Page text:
Thursday, June 1, 2017
Early decisions and politics: U.S. in Vietnam
Here, in the paragraphs below, is something interesting from The History Channel. Among the other factors that interest me in this brief article, I take special interest in the fact that the laudable goal of protecting the South Vietnamese from Communists was complicated and undermined by the self-serving, short-sighted domestic interests of American political leaders; similar U.S. political interests would be among the central problems plaguing the noble motives and sacrifices (e.g., more than 58,000 American dead) during America's long not-so-Cold War involvement in Vietnam. As always is the case here at Informal Inquiries, I welcome your comments:
[Dateline: 1 June 1964]
Top U.S. officials concerned about the Vietnam War gather for two days of meetings in Honolulu. Attendees included Secretary of State Dean Rusk, Secretary of Defense Robert McNamara, Ambassador Henry Cabot Lodge, Gen. William Westmoreland, Gen. Maxwell Taylor, and CIA Director John McCone, among others. Much of the discussion focused on the projected air war against North Vietnam, including a list of 94 potential targets. There was also a discussion of the plan for a joint Congressional resolution.
The meeting was convened to develop options for President Lyndon B. Johnson in dealing with the rapidly deteriorating situation in Vietnam. In March 1964, Secretary of Defense McNamara had reported that 40 percent of the countryside was under Viet Cong control or influence. Johnson was afraid that he would be run out of office if South Vietnam fell to the communists, but he did not want to employ American military power on a large scale because of the impact that such actions might have on his Great Society domestic programs. Upon returning from the meeting in Honolulu, several of Johnson’s advisers, led by William Bundy, developed a scenario of graduated overt pressures against North Vietnam, according to which the president, after securing a Congressional resolution, would authorize air strikes against selected North Vietnamese targets. Johnson rejected the idea of submitting the resolution to Congress because it would “raise a whole series of disagreeable questions” which might jeopardize passage of the administration’s civil rights legislation. However, the idea of such a resolution would surface again in less than two months.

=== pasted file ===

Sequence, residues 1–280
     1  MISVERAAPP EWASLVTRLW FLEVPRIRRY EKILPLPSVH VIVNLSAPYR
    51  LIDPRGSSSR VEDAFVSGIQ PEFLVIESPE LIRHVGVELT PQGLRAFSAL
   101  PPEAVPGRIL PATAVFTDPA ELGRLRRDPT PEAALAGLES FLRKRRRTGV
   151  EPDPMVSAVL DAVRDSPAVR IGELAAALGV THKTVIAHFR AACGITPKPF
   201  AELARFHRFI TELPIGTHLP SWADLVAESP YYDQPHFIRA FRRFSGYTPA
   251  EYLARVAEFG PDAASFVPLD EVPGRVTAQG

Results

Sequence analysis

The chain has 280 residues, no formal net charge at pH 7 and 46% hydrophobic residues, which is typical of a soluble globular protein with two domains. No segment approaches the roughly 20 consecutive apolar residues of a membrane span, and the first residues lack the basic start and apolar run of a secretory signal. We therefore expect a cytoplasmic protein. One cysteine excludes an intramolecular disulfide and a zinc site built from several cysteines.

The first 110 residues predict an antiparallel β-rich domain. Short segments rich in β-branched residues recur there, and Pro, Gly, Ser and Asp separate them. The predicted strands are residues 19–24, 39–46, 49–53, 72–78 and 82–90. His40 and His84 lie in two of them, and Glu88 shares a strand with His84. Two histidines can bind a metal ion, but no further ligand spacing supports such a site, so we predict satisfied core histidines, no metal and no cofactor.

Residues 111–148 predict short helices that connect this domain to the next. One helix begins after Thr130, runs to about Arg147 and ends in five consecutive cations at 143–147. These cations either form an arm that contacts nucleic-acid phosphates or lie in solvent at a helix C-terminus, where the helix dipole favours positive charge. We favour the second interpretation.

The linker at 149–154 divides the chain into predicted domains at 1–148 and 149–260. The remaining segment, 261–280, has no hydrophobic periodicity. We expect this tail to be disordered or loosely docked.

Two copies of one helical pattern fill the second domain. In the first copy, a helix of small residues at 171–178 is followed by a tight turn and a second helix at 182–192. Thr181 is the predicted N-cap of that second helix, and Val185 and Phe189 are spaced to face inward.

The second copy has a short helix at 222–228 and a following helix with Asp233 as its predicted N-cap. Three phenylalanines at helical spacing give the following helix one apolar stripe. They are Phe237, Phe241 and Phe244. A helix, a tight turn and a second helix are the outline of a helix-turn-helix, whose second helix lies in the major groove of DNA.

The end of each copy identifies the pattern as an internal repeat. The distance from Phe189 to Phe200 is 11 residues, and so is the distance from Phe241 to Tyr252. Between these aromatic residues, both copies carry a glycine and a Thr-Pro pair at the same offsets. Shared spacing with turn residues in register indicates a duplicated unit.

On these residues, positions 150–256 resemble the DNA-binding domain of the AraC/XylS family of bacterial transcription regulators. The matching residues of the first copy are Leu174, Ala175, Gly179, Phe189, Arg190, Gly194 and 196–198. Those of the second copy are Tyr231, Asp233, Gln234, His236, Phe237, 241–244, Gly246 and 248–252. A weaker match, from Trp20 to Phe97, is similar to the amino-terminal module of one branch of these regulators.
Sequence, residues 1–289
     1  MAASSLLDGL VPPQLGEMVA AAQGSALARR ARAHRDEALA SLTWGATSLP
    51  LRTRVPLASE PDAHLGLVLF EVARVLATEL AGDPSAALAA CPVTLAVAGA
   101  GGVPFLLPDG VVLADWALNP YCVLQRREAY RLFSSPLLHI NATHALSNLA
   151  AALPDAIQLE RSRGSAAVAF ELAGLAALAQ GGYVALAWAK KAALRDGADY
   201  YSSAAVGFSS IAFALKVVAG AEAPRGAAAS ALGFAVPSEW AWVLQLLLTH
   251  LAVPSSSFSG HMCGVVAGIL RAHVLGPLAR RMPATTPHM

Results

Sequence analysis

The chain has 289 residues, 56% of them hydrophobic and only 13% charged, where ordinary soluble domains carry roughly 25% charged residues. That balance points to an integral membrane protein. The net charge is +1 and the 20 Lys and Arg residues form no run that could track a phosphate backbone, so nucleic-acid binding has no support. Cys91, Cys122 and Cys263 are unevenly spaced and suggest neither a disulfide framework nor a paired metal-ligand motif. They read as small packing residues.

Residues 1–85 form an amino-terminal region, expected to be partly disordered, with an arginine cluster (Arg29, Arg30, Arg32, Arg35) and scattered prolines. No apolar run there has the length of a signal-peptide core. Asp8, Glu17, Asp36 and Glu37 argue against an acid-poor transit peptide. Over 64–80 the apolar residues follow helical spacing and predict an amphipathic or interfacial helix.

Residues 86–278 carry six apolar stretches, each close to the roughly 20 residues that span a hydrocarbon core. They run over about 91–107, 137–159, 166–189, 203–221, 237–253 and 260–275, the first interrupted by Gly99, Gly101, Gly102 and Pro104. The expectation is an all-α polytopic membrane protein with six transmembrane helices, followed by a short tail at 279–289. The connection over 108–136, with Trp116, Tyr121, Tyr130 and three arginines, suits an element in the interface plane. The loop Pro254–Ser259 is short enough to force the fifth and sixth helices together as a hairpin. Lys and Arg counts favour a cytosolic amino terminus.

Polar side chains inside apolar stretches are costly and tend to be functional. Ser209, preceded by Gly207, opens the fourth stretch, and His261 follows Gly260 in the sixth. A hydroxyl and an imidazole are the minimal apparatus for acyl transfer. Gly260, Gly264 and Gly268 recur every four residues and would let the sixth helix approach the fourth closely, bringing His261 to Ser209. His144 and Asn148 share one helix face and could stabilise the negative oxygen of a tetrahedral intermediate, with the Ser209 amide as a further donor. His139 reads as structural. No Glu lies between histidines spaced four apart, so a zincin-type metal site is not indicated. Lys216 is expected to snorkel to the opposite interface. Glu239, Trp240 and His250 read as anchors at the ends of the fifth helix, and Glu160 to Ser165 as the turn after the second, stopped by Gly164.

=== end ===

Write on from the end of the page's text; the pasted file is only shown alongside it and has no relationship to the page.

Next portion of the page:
In August 1964, after North Vietnamese torpedo boats attacked U.S. destroyers, in what became known as the Tonkin Gulf incident, McNamara and Rusk appeared before a joint Congressional committee on foreign affairs. They presented the Johnson administration’s arguments for a resolution authorizing the president “to take all necessary measures” to defend Southeast Asia. Subsequently, Congress passed Public Law 88-408, the Tonkin Gulf Resolution, giving President Johnson the power to take whatever actions he deemed necessary, including “the use of armed force.” The resolution passed 82 to 2 in the Senate, where Wayne K. Morse (D-Oregon) and Ernest Gruening (D-Alaska) were the only dissenting votes; the bill passed unanimously in the House of Representatives. President Johnson signed it into law on August 10. It became the legal basis for every presidential action taken by the Johnson administration during its conduct of the war.